Support for New Literacies, Cultural Expectations, and Pedagogy: Potential and Features for Classroom Web Sites

Article excerpt

There appears to be a widening gap between the literacies our society uses and the literacies our schools teach. Some refer to the literacies that are emerging in our society as "new literacies" meaning those skills readers need to make sense of electronic text and writers need to effectively communicate with electronic texts (Lankshear & Knobel, 2003; Leu, 2006; Leu, Kinzer, Coiro, & Cammack, 2004). Cultural expectations regarding new literacies are interwoven into the fabric of children's peer cultures as well as workplace environments. Children's social worlds have expanded to electronic environments such as,, and Children communicate with peers through text messaging, Instant Messaging, and email. New literacies are the backbone of these environments. Similarly, workplace environments expect employees to communicate effectively via email. Employees need to be able to sift through the Internet to find pertinent information efficiently and accurately. While children who have access to technology and consistently use new literacies will be well-prepared for workplace environments, children who have less access may be highly disadvantaged when they enter the workforce (Leu, 2006). It is imperative that schools help all children develop proficiency with new literacies.

Teachers face many obstacles to teaching students how to use new literacies. Leu, Ataya, and Coiro (2002) reported that none of the 50 states included new literacies on their statewide tests. If teachers are being held accountable by such tests, it would appear that they can give little attention to new literacies. Due to the pressures of No Child Left Behind (U. S. Department of Education, 2002), teachers have little time to incorporate new literacies into their curriculum. Another obstacle is the time it would take to create curricula for new literacies. Teachers have barely enough time to create lessons for current curricula, grade papers, and maintain communication with parents and coteachers. Another obstacle is that the technology schools provide may not coincide with a teacher's literacy program. For example, the school may provide skills-based reading programs, such as Accelerated Reader or Waterford Reading, but the teacher prefers to organize her literacy instruction around the writing process.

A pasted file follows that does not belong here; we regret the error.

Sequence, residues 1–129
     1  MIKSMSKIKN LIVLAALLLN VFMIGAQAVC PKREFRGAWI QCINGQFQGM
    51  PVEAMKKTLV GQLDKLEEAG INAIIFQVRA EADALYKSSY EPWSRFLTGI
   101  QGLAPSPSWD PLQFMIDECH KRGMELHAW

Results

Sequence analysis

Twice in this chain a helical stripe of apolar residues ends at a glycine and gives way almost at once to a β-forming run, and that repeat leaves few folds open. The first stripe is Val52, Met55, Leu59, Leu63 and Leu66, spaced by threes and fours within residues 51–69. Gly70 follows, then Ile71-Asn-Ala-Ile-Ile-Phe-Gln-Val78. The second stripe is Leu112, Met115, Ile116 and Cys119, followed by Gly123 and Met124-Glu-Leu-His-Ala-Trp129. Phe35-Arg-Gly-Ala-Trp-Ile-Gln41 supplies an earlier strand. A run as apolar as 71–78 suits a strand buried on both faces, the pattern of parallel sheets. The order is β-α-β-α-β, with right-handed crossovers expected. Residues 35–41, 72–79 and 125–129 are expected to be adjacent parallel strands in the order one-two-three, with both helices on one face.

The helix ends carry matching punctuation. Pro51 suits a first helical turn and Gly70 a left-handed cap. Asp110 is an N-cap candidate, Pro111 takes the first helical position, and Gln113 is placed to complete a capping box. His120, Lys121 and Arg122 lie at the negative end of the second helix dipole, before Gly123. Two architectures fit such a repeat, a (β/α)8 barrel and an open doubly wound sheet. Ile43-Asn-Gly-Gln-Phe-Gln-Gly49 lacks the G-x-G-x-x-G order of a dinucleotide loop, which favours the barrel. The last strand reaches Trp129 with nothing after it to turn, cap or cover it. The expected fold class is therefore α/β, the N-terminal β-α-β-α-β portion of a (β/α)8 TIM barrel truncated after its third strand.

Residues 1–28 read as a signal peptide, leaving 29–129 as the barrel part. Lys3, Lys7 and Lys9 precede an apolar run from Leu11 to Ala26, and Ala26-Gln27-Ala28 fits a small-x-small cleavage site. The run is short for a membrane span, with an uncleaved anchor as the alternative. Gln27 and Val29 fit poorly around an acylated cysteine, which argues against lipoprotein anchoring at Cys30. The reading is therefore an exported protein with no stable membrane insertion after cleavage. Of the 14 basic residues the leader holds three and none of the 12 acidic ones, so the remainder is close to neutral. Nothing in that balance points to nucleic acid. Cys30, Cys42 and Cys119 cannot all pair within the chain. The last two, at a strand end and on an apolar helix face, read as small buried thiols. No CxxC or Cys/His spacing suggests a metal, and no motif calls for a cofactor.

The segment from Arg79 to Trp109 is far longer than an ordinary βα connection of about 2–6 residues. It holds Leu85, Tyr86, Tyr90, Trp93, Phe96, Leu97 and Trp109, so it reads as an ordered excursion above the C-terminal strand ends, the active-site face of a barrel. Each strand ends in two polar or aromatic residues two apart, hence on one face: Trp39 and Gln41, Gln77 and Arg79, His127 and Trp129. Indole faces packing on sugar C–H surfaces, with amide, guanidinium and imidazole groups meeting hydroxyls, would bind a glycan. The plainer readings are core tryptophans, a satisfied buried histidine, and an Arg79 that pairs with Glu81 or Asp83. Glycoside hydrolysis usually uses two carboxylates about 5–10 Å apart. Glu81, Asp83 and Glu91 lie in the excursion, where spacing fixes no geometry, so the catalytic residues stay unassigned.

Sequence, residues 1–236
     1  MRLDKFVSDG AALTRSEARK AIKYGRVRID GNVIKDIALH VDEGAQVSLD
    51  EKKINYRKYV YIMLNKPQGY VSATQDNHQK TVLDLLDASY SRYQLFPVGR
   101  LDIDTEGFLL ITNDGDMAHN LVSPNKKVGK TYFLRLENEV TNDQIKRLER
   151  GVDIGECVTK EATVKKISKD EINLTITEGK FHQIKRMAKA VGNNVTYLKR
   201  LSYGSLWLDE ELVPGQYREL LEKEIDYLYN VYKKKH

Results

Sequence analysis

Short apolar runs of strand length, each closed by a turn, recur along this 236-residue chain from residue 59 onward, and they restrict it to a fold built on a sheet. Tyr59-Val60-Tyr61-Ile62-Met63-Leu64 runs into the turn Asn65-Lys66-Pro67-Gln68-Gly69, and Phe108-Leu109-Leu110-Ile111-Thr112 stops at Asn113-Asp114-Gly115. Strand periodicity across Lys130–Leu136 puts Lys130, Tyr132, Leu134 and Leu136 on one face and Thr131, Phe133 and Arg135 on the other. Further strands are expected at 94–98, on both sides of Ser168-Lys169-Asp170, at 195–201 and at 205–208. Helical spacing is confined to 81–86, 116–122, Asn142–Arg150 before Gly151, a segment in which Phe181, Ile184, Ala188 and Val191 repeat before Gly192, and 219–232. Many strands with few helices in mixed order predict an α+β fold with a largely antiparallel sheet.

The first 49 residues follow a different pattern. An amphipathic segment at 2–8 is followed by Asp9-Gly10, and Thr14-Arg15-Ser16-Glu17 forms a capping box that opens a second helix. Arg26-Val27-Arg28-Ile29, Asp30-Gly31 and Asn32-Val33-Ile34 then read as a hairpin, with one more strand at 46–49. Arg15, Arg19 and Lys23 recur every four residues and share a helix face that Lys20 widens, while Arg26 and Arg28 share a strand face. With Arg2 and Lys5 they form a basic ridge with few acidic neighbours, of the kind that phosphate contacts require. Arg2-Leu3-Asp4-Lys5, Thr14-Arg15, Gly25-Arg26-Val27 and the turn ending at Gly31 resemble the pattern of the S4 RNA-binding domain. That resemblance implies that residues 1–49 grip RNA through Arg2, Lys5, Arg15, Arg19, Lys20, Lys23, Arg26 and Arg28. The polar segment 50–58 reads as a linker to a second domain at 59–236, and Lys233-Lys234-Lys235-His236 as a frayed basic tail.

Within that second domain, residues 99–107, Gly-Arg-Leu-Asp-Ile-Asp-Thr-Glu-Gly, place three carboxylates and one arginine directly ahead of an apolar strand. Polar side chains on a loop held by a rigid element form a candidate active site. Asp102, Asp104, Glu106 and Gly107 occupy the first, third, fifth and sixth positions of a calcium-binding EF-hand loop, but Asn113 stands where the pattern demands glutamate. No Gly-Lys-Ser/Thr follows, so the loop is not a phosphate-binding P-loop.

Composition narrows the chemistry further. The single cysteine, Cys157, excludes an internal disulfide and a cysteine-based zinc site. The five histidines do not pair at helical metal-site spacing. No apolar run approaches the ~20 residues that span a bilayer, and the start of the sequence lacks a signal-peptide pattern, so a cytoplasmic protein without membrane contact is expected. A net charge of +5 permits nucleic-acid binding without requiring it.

The purpose of this article is to mitigate the challenges encountered by teachers when they are unable to mesh technology with their pedagogical approach for literacy instruction. Given this mitigation, it is my hope that teachers will be able to embrace children's peer culture, workplace expectations, and new literacies. Specifically, I propose the creation of classroom web sites that fit with the instructional approaches of the classroom.

Benefits of a Classroom Web Site

There are several reasons to consider creating a classroom web site. As stated, classroom web sites can provide a bridge between current curricula and new literacies. If one of the missions of schools is to prepare children to be active members of our society then they need to help children become proficient readers and writers. Now that our culture is infused with electronic communication such proficiencies include new literacies. Herein, one of the benefits of creating a classroom web site is to support students' proficiencies with new literacies. While schoolaged children use new literacies to participate in their peer culture (e.g., texting, Instant Messaging), they may be missing valuable skills. Schools can address proficiency with a range of new literacies that are designed to prepare children for technology-infused workplaces.

Consistently, one of the best predictors for how well a child will perform on standardized reading and writing tests is their parents' socio-economic status (SES) (Guthrie, Schafer, & Huang, 2001). Schools have little control over this variable. However, another predictor that sometimes has higher correlations to test performance than SES is student engagement (Guthrie, Schafer, & Huang, 2001). …